On Dec. 13, 2013, an American drone launched Hellfire missiles at a convoy of cars on the move in Yemen. The strike killed 12 people and wounded 15 more. At the time, the Yemeni government claimed the dead were Al Qaeda militants.
The dead and wounded were, in fact, part of a wedding party. The bride was there. The strike wounded her face. To this day, it’s unclear whether any militants died that day.
The White House never acknowledged its involvement in the attack. Regional Yemeni authorities paid the families of the victims $800,000 in cash and rifles.
It’s impossible to know what would’ve happened had a manned aircraft — not a drone — been in the air.
But it’s quite possible the U.S. would have never bombed the wedding party had it not had drones in the first place. There’s simply less risk inherent in bombing targets in Yemen with machines. If so, this means the U.S. has effectively off-loaded some of its risk onto civilians, and it’s done so largely in secret.
The strike in Pakistan — and its mistaken deaths — is another example.
“This is case that just comes to the surface because of two high-profile people getting killed a drone strike, and the U.S. has to account for it and atone for it,” Roff said. “But it still doesn’t get around the fact that the United States is carrying out its war in a very questionable way.”
But does the Obama disclosing the strike signal a shift toward more transparency in how America wages war? Roff thinks it could, but notes that it’s only a possibility.
“This is a precedent-type moment,” she added. “What might change is that if there are any other future strikes that may involve hostages or clearly non-combatant people in the area, then the United States may get into a position where it has to publicly atone or open up its documents about why it still undertook that particular strike.”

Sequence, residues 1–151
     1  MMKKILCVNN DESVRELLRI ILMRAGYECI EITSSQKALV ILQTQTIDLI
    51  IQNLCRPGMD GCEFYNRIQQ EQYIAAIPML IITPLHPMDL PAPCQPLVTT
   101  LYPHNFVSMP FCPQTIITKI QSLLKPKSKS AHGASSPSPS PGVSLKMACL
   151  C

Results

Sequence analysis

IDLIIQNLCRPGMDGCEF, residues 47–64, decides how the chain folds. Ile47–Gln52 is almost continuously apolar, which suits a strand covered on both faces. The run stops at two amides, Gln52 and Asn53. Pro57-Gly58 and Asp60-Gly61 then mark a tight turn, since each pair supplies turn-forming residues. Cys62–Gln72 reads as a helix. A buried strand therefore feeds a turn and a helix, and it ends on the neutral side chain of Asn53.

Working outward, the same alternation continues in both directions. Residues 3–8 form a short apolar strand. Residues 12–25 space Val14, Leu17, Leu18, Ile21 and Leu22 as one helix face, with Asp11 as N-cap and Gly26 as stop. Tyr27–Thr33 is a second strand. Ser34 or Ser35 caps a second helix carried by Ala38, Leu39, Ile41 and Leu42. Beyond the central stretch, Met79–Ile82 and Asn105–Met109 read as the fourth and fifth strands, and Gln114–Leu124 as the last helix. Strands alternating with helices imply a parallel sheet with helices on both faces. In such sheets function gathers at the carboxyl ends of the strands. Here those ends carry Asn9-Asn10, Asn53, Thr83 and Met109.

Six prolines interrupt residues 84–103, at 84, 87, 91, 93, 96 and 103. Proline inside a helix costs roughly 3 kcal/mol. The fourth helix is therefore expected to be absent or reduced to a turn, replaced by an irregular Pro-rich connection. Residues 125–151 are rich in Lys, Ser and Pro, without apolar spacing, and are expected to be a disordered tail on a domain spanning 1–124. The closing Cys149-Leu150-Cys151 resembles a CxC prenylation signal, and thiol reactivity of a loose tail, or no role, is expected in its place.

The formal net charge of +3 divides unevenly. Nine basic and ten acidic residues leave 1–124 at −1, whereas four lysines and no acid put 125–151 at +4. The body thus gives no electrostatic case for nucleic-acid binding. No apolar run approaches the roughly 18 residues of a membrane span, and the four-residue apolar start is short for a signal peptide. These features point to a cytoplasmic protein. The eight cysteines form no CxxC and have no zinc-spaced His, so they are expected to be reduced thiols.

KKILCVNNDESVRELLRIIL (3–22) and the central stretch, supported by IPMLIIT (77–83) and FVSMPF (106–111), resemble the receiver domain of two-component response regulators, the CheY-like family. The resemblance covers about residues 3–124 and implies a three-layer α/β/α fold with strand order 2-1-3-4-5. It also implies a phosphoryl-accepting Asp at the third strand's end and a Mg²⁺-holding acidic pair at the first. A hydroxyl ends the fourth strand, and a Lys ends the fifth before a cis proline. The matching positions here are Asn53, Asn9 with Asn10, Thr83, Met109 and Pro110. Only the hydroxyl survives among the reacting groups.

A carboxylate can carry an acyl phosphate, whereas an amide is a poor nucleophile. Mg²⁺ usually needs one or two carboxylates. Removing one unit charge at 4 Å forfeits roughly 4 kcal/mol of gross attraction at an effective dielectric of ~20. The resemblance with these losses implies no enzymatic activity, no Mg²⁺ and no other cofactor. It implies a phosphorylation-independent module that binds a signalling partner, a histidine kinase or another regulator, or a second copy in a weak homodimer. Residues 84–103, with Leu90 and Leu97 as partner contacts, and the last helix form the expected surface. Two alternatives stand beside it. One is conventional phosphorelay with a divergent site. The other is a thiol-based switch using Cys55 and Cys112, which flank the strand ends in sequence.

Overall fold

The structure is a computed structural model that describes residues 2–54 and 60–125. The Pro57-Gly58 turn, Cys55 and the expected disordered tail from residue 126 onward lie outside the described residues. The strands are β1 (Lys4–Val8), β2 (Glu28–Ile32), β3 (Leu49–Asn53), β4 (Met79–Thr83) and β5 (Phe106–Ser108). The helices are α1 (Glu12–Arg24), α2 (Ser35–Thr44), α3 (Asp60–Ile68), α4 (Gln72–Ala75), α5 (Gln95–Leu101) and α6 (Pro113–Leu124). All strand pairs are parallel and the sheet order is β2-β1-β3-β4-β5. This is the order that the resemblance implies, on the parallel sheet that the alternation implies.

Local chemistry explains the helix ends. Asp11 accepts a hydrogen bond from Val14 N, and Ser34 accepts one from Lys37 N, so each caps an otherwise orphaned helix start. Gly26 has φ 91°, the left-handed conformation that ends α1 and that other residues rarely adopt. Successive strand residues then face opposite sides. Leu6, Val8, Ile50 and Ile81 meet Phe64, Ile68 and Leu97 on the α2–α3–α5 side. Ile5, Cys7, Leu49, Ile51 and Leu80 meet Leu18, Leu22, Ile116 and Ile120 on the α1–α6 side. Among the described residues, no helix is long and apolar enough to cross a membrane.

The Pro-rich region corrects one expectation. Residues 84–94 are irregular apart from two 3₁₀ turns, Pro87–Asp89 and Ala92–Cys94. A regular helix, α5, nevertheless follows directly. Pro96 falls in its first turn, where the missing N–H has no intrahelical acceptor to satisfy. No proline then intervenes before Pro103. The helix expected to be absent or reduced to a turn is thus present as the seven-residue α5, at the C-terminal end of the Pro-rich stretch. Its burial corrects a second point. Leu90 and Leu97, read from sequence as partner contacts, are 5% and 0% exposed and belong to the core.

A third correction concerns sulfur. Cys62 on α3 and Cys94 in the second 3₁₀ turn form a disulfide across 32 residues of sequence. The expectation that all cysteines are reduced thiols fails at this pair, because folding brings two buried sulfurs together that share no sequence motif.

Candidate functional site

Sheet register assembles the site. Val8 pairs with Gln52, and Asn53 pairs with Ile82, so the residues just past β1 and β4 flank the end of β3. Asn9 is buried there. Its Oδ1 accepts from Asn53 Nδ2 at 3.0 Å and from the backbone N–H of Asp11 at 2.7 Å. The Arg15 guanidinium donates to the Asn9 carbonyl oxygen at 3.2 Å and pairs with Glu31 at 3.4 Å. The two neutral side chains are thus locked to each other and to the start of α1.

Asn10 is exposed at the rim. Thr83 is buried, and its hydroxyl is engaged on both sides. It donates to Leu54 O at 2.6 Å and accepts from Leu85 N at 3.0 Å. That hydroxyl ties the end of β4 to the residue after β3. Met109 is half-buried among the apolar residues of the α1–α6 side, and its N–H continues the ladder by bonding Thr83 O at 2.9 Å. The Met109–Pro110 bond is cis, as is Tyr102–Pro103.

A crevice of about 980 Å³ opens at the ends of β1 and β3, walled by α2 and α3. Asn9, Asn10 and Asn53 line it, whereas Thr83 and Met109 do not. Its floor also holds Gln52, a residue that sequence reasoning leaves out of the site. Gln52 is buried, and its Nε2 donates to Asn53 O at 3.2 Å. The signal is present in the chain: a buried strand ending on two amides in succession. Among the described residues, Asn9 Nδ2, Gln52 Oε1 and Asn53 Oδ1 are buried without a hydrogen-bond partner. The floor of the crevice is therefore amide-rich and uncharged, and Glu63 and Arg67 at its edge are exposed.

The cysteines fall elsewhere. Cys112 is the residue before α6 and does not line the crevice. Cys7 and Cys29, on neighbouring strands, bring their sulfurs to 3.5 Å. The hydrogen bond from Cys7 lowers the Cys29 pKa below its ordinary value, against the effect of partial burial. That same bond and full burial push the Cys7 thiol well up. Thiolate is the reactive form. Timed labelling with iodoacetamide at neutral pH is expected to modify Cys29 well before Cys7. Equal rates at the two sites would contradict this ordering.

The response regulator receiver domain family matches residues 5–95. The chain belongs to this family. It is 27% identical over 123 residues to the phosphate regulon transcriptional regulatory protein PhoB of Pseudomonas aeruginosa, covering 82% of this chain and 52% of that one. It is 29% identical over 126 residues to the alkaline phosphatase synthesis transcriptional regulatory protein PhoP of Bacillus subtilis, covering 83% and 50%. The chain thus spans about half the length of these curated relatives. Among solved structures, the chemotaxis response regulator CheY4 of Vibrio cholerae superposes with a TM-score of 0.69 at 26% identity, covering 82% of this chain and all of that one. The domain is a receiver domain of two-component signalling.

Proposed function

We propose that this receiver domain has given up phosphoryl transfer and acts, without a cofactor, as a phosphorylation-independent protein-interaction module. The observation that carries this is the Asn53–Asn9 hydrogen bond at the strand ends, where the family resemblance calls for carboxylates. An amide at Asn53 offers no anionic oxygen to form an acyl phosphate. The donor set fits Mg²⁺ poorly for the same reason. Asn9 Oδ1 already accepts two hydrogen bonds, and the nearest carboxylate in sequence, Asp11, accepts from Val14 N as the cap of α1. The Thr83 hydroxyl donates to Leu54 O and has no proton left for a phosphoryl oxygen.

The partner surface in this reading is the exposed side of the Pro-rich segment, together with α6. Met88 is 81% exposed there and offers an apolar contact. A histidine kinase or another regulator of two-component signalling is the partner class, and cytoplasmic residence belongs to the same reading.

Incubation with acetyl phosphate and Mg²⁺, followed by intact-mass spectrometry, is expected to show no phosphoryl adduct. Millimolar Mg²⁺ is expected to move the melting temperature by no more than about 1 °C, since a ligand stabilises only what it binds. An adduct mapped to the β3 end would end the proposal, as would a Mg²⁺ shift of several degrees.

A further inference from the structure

Roff noted that this is a big if. The CIA will always keep secrets, for understandable reasons. And the U.S. isn’t likely to stop using drones to target Al Qaeda members.
“No, it’s not going to stop doing that,” she said. “What it may do, is that [the U.S.] may limit its use in some instances that it may not have in others, and it may come under more scrutiny if it does not — because it has now set a precedent that in instances like this, it may declassify information on a strike.”
But remember, the U.S. didn’t kill one American citizen in the January attacks. It killed three Americans — one of them innocent and by accident. The CIA also killed Al Qaeda members and U.S. citizens Farouq and Gadahn.
For a moment, leave aside the mistake that led to an American citizen being killed by friendly fire. The White House still hasn’t convincingly argued that killing American combatants is on firm legal ground.
The government’s rationale — outlined in a white paper revealed in 2013 — follows that U.S. citizens fighting on the side of Al Qaeda forgo their Fourth and Fifth Amendment rights, because they are necessarily planning to conduct imminent attacks the U.S. in the future.
This line of reasoning continues that if the Al Qaeda member is in hiding — removed from the means by which the U.S. could capture him — then the U.S. could blow him up with a drone to remove the threat. And this would be completely legal.
It’s worth noting that the White House stretches the definition of imminent to mean a terrorist planning to attack from a location outside the reach of U.S. law enforcement. The terrorist could plan an attack that happens in a few hours, or years from now … it doesn’t matter.
Nor is the process subject to public review. There’s no trial, defense attorney or even acknowledgment from the White House that it’s targeted a U.S. citizen for assassination.
Finally, the administration wants Congress to believe this is legal.
“Should we have done this strike?” Roff asked. “Well, wait a minute. We haven’t resolved whether or not the two guys who were American citizens and were targeted was a good idea.”